For those who struggle with hay fever, it can be something that can affect your performance at school or work, as well as interfering with everyday tasks. But what are the signs of hay fever and can you manage your symptoms more effectively to minimize the impact this condition has on your life? These are the ins and outs of hay fever and how you can discover if you’re a sufferer.
What are the Symptoms?
There are several signs of hay fever that can include:
- Runny nose or feeling congested
- Watery, red, or itchy eyes
- Postnasal drip, or the feeling of mucus running down the back of your throat
- Feeling exhausted or fatigued
- Itchy throat or roof of the mouth
What Causes Hay Fever?
Many people think that hay fever is only caused by pollen in the warmer months, but the symptoms can affect you at any time of year. Tree or grass pollens are a particularly common trigger for hay fever, which is why people associate this condition with spring and summer when these pollens are in the air. But dust mites and dander from pets can also trigger hay fever symptoms, which can worsen in the winter as people are less likely to have their windows and doors open. Similarly, mold spores, both from indoors and outdoors, can cause hay fever.
Can Hay Fever Be Treated?
There is not currently a cure for hay fever, but there are ways to manage your symptoms. You can buy fexofenadine, an antihistamine, or others like it, which can work quickly and effectively to treat the symptoms of seasonal hay fever. Antihistamines tend to be the most popular form of medication for hay fever as they are readily available from pharmacies without a prescription and they are effective at helping you manage the symptoms of hayfever. Your doctor may also suggest nasal sprays to soothe the itching and postnasal drip that can occur with this condition. For serious cases of hay fever, your doctor may prescribe steroids to help you manage your symptoms.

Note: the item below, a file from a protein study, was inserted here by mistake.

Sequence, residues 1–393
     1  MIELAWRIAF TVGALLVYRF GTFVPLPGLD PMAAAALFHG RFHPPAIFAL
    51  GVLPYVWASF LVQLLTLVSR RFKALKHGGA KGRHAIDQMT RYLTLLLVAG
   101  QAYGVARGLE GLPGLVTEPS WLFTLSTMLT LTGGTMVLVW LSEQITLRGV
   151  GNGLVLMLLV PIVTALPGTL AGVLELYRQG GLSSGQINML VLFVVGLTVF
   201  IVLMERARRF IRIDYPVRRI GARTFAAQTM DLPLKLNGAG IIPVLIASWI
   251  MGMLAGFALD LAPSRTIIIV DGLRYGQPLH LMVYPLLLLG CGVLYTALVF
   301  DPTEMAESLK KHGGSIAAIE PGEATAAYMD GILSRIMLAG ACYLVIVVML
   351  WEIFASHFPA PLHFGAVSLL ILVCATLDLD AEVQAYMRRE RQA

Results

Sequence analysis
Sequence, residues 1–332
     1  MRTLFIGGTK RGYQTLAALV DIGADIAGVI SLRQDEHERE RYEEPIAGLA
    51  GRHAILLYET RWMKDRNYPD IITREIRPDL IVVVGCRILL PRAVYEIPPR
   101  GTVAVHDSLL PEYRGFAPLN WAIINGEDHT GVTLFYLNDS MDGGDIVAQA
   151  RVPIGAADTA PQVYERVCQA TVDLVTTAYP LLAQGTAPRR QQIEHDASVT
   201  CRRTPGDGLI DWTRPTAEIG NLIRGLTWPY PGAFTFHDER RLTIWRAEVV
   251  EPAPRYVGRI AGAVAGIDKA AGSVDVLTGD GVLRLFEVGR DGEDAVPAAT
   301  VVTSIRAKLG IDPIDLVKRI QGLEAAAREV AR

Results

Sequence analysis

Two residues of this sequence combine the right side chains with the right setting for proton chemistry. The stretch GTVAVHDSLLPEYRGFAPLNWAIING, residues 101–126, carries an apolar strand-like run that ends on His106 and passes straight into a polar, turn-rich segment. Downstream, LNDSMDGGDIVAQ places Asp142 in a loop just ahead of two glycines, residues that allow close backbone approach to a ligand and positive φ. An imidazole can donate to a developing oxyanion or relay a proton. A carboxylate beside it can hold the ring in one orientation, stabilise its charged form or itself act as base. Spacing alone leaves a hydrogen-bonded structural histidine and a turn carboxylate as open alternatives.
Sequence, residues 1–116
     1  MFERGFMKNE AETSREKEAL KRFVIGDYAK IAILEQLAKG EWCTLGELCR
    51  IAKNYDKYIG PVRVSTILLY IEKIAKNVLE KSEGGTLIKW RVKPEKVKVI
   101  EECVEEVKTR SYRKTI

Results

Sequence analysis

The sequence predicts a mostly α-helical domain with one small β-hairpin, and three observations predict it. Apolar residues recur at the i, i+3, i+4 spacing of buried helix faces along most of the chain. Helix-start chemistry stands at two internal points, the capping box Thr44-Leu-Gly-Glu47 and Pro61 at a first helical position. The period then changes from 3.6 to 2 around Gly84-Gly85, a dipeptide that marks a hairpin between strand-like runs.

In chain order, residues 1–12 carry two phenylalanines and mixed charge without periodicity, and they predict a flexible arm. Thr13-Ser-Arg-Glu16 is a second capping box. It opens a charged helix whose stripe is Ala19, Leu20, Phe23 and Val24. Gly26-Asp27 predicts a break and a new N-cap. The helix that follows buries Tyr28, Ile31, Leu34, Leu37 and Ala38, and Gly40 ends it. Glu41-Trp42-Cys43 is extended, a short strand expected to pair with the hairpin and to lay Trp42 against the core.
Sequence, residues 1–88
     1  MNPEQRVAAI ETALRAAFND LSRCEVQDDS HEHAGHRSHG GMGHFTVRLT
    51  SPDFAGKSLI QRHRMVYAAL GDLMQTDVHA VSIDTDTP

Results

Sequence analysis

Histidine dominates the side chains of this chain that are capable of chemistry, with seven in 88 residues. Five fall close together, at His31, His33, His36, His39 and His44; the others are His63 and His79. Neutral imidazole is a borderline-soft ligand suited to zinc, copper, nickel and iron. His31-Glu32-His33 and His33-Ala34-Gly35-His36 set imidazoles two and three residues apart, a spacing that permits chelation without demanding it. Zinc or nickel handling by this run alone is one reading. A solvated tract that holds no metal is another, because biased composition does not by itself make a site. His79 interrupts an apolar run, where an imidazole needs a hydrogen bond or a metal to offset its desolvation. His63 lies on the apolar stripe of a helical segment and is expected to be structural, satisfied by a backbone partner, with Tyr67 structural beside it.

Who is Most Likely to Be Affected?
Hay fever is incredibly common, and it’s estimated that around 10 million people just in England have this condition. Hay fever can strike at any age, but it typically begins in childhood or in teens. Boys are more likely to develop hay fever than girls, but in adults men and women are equally likely to be affected. People who struggle with asthma or eczema may be more likely to develop hay fever, as well as those who have a family history of allergies.
How to Spot the Difference Between Hay Fever and the Common Cold
The signs and symptoms of colds and hay fever can be similar, so it can be difficult to know the difference and work out if you’re suffering from hay fever. A cold may give you a runny nose and you may have watery or thick mucus. A cold will often give you bodily aches and fatigue as well as a low-grade fever. The onset of a cold will typically appear between one and three days after you’ve been exposed to the virus and can last anywhere between three to seven days.
Hay fever, on the other hand, appears immediately after you’ve been exposed to an allergen and it lasts for as long as you’re exposed to those allergens. While you may also have a runny nose or watery discharge with hay fever, there is no fever associated with your symptoms.
The Dos and Don’ts of Hay Fever
There are some ways you can help to minimize the impact hay fever has on your life. A great tip is to put a little bit of Vaseline or a similar balm around your nostrils to help trap pollen and prevent it from irritating your sinuses – likewise, wraparound sunglasses can work well to stop pollen getting in your eyes. It’s also a good idea to look up the pollen count in your local area if you plan to go out so you can know in advance if your symptoms are likely to be worse, and to stay indoors where possible on high pollen count days. Vacuuming regularly can help reduce dust and dander from building up in your home, which can also minimize your symptoms.
It’s best to avoid walking on grass, especially if it’s recently been cut, as this can cause pollen to be kicked up that can trigger your hay fever. It’s also a good idea to avoid keeping fresh flowers in your home. Smoke and perfumes can trigger symptoms in some people, so where possible, you should avoid being around smoke and avoid wearing perfume. Because pollen can cling to your clothes, it’s a good idea to skip drying your clothes outside and to wash or change your clothes when you get back home if you’ve been outside.